"The Runner Stumbles" approaches the marketplace with several strikes against it -- the first being that graceless title, destined to be confused with "Running," a loser of a different sort. The title bearing on the content of the picture, a conscience striken, ultra-repressed romantic melodrama about the events that lead a glum middle-aged priest (Dick Van Dyke) to be tried for the murder of an ecstatic young nun (Kathleen Quinlan) remains utterly obscure.

The stilted, outmoded exposition imposed by director Stanley Kramer and writer Milan Stitt, who adapted his original play, would be better suggested by a title like "Forbidden Passion," especially since the affair that smolders between Father Rivard and Sister Rita is depicted as the traditional unconsummated forbidden passion. Plenty of snappy titles are waiting to be extracted from the frequently risible dialogue, starting with Van Dyke's fateful "Welcome, sister."

And my ears sizzled when the sorely tempted priest was asked rhetorically (indeed, proverbially), "Can a man take fire in his bosom and not be burned?" It also seemed a shame to waste the title of a raucous ditty that Sister Rita teaches her pupils to set the mood for their melodious outings: "My Rumble Seat Gal."

In addition to the painfully high-minded, inevitably prurient treatment of "taboo" subject matter, the screenplay falls back on a confusing flashback structure. It begins with Van Dyke in jail, recalling his first encounter with Quinlan for lawyer Beau Bridges, then jumps from mid-recollection to mid-trial, as Ray Bolger, cast as a starchy monsignor, takes the stand. Having created a certain narrative congestion, the filmmakers never quite escape it.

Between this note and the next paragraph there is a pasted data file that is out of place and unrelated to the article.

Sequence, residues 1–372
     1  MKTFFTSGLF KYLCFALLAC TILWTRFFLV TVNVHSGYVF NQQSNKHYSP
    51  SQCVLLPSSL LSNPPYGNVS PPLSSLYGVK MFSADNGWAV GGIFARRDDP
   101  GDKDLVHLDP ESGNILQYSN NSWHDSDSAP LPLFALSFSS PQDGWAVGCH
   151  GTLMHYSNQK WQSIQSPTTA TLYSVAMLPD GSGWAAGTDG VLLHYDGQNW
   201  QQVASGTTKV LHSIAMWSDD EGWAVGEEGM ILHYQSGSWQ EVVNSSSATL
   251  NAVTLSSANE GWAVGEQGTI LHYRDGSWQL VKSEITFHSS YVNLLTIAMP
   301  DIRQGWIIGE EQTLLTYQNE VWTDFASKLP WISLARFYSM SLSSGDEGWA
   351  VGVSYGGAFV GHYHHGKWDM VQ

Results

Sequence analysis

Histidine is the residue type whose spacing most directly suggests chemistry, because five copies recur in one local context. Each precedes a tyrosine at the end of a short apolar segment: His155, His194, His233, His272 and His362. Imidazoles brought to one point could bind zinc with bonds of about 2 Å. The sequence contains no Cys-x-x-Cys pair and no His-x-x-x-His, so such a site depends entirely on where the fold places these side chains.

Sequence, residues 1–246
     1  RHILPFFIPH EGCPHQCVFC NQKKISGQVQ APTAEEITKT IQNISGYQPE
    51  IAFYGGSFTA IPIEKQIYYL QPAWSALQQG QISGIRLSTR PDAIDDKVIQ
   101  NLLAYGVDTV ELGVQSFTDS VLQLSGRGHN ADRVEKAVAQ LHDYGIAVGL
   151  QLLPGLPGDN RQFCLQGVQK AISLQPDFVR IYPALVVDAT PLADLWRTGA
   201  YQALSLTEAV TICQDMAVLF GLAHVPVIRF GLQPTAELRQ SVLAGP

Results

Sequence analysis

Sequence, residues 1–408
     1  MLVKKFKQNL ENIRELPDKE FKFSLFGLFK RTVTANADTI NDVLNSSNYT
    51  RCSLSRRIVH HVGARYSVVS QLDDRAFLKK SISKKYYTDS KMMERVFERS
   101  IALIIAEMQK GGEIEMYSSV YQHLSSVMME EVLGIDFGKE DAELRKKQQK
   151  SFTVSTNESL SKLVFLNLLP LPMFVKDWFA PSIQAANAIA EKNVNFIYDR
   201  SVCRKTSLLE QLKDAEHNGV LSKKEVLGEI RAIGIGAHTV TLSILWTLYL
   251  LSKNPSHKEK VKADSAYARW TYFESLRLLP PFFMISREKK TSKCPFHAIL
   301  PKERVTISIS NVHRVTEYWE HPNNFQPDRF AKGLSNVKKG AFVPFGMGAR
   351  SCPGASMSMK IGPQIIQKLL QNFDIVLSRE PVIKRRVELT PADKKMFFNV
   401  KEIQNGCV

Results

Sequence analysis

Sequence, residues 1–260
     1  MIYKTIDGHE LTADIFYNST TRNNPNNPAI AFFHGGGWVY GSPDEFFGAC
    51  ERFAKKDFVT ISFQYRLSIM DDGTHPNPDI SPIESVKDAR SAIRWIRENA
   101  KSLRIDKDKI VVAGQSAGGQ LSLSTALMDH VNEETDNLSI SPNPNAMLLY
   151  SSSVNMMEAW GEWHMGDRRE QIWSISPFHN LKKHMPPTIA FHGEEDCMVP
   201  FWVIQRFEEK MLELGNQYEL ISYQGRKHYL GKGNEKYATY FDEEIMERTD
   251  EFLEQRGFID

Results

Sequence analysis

The setting is a poor, picturesque mining town in the late '20s. We're led to believe that Van Dyke has been posted to this backwater by Bolger as punishment for unorthodox thinking. Quinlan arrives to take over the parish school when illness incapacitates the previous teachers, a pair of aging, crotchety nuns.

When the illness is diagnosed as consumption, Father Rivard and Sister Rita begin residing under the same roof, without the monsignor's permission. Around town tongues wag even more recklessly. Inside the rectory Maureen Stapleton, the priest's fluttery, protective housekeeper, nibbles her lower lip with ever more urgency.

Feeling that fire in the bosom, Van Dyke tries to smother it by insisting that he and Quinlan avoid speaking to each other. Naturally, the passion intensifies, fueled by higher-octane repression. Eventually, the combustible atmosphere provokes a symbolic conflagration -- the old nuns' residence catchs fire -- after which the lovers confess their passion but manage to rise above temptation.

Sister Rita's subsequent demise, under mysterious circumstances, leaves Father Rivard doubly deprived.

The serene small-town locale (Roslyn, Wash.) and dreadfully genteel tone recall the picturesque soap-opera ambience Delmer Daves used to specialize in, from "A Summer Place" through "Youngblood Hawke." Kramer isn't a very deft practitioner of antiquated romantic kitsch.

What may spare Kramer total embarrasment is the potential appeal of Kathleen Quinlan's prettiness. It's no wonder poor Father Rivard trembles on the brink.

Quinlan may be trying to carve out an empire for herself as a new princess of screen soap opera. She's done back-to-back victimization in "The Promise" and "The Runner Stumbles." She's an undeniably winsome presence, but it remains to be seen how far she can go in the rumble seat of brokendown vehicles.